What I do take exception to is the extreme over playing of the fear card. Pure emotionalism not supported by facts.

    It is a fact that South Carolina only lags behind Washington D.C. in violent crime.
    see http://tinyurl.com/5ksb56 but these numbers translate to .788% of the population regarding all violent crimes.

    Facts: The 2007 murder rate of 352 with a population of 4,407,709 yields an infinitesimally small per centage. http://tinyurl.com/6kd1qc8 Not all of these were gun related. So when you say that it is hard to find anyone that doesn't know someone killed with a gun, you exaggerate to the point of absurdity. You enflame and misuse your knowledge or lack thereof. You play on emotionalism not facts.

    Apparently either the murder rate is radically under reported or a majority of the 4.4 million people all know each other. It might be hard to find someone that hasn't heard of a sensational crime - example here in my home state, the Va. Tech tragedy - but to claim that most of us know a victim....Please! It is people like you that perpetuate such myths.

    It is a rare scenario, the exception to the rule - that is fact.

    Fortunately it appears that a majority of your state does not seem to agree with you as South Caolina is moving in the right direction regarding recent changes in the carry laws/reciprocity.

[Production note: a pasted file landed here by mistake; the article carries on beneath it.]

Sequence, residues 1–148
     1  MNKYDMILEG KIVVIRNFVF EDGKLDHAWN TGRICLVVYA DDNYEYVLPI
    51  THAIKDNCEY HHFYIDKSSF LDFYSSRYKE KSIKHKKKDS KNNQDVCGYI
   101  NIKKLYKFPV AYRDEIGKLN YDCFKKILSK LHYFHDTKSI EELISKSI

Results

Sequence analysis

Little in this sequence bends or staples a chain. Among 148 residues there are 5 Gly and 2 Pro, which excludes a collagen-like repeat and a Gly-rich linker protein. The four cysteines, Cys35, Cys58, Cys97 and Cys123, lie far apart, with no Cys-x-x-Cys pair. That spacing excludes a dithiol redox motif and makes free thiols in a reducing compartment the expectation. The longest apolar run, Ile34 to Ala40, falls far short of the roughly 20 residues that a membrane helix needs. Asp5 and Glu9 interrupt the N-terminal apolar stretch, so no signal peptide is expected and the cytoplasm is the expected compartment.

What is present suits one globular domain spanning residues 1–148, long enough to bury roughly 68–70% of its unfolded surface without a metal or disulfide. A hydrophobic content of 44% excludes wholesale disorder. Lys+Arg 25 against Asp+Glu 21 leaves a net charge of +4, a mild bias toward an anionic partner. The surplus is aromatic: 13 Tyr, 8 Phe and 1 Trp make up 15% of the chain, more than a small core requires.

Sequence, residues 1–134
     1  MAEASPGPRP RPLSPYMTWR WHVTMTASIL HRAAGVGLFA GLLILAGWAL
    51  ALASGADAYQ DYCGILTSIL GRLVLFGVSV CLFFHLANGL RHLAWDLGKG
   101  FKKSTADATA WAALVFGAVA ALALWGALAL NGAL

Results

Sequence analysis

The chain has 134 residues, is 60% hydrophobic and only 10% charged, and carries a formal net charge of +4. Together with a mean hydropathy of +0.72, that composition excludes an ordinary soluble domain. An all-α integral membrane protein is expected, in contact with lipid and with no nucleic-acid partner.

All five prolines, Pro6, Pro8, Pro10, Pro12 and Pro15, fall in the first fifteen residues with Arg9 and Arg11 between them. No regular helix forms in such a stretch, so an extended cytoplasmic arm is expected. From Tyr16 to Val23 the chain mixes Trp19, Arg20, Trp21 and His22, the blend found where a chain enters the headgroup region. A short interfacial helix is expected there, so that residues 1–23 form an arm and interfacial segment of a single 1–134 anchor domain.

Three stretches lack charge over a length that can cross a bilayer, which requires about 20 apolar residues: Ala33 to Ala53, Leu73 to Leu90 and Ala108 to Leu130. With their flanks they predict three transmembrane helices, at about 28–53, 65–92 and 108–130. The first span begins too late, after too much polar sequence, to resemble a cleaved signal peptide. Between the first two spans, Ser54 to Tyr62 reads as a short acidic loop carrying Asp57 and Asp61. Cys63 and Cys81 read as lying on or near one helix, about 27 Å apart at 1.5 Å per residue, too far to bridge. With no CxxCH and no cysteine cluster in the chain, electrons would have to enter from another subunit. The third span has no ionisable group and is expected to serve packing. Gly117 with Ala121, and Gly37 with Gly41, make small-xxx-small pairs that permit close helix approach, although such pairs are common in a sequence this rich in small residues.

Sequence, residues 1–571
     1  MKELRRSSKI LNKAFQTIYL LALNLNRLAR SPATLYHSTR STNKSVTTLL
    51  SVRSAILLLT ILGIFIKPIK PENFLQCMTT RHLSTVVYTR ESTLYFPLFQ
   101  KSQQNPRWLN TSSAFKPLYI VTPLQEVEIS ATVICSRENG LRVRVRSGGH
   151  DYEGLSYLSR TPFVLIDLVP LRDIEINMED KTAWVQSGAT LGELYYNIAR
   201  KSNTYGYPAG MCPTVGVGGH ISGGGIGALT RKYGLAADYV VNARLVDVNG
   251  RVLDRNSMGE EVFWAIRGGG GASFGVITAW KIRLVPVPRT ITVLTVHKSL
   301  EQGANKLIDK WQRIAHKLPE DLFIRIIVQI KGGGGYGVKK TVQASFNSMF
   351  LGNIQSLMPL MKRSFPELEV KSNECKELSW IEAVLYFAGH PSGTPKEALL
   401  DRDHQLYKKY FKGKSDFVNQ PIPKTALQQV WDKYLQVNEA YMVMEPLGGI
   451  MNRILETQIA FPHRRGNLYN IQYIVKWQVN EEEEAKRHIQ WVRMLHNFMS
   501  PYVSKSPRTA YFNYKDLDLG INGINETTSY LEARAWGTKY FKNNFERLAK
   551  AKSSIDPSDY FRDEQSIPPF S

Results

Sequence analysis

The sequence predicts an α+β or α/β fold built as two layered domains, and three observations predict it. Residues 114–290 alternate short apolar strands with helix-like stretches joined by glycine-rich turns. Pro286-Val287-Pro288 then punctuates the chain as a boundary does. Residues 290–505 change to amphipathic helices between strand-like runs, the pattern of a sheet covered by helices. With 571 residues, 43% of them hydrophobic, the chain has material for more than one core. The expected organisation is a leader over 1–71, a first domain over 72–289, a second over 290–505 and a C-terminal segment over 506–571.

You may be seated.

    Yata hey
    You will not rise to the occasion; you will fall back on your level of training.ö Archilochus, 650 BC

    Old and treacherous will beat young and skilled every time. Yata hey.

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    In my opinion, the big problem is that all of the 2nd Amendment advocates are not really that. We're all so divided with one side or the other fighting over this or that.

    When I attended a CCW course earlier this month, I was told that OC was only considered legal in rural areas in my state and that "all municipalities have banned the practice" - yet I can only find three major areas that have laws against it. These kinds of myths and lies need to be eradicated before we'll start seeing massive leaps in progress.

    Let's also consider that in many states, there are still all kinds of laws prohibiting where you can carry. In my state it's almost impossible to go someplace without seeing a gunbuster sign (they do carry weight in KS, unlike other states). The places where I feel I'd need my sidearm the most are the areas that prohibit firearms entirely!